The best opportunity for me to make a mark on the world, I believed, was to give myself to a big cause with a timeless impact—making opportunities possible by accelerating the knowledge, skills, and talent of local communities. I selected the “Developing Community Enterprise” placement in the village of Nombe, Uganda, because I have a strong passion for business and employing innovation and entrepreneurship as long-term solutions for global poverty.

By mid-November, I was on a plane bound for Africa. I was both enthusiastic and anxious about my first trans-Atlantic crossing and my first footsteps on African soil, but my eagerness to immerse myself in a different culture, meet remarkable people, and forge lifelong friendships far outweighed my fears.

After more than twenty total hours of travel, including flying and driving, I found myself several thousand miles away from my hometown of Emerald Isle, North Carolina, and in a rural African village. The transition was surreal. I had left behind a small, coastal community and journeyed to the verdant, lush mountains of Uganda, living at the border of Bwindi Impenetrable National Park.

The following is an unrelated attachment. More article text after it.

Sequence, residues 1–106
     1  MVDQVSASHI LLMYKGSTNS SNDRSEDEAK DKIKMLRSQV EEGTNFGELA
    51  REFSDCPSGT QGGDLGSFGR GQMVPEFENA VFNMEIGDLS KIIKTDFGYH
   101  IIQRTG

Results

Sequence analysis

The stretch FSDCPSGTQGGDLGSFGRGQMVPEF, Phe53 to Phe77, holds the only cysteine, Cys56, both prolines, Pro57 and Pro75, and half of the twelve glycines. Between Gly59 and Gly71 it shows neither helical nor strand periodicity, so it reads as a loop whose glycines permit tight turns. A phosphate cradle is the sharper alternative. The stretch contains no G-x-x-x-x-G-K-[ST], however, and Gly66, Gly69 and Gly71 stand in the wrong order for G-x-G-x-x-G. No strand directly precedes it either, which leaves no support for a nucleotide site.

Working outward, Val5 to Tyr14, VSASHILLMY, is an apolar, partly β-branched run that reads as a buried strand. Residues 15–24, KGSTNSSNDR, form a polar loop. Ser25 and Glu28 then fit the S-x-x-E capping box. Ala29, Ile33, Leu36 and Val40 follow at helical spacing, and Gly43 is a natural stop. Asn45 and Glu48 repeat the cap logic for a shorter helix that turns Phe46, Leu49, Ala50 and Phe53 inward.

I’ve never felt more at home in a faraway place. When I walk along the unpaved, muddy road to the nearby trading town of Rubuguli, every person I encounter offers a warm smile, a wave, and an “Agandi?” (a traditional Rukiga greeting), to which I give a “Nigye.”

The Africa I’ve experienced is a lot different from the one we’re used to seeing in the B-roll footage of a television commercial as a celebrity voiceover plays, urging us to “Give Now” to Charity X. While many of these appeals are legitimate, they offer only a very small lens to view an entire continent. I’ve met villagers with bandwidth—they’re motivated, optimistic, and immeasurably driven to learn. Their entrepreneurial spirit is universal. Ambitious dreams require an equally ambitious work ethic, and the women and men I’ve met posses both.

Over the course of my two-month placement (I return to the U.S. the first weekend of January), I’ve been researching the current and historical trends of coffee production in several local towns and villages. I quickly found that while the Ugandan highlands produce some of the finest Arabica beans in the world, there has been a persistent problem of finding a steady market and selling at good prices. Since the efforts of the farmers have always been fractured and there’s been little to no organization, they’ve lacked proper training and have resorted to selling to a local trader buying the crop at artificially low prices.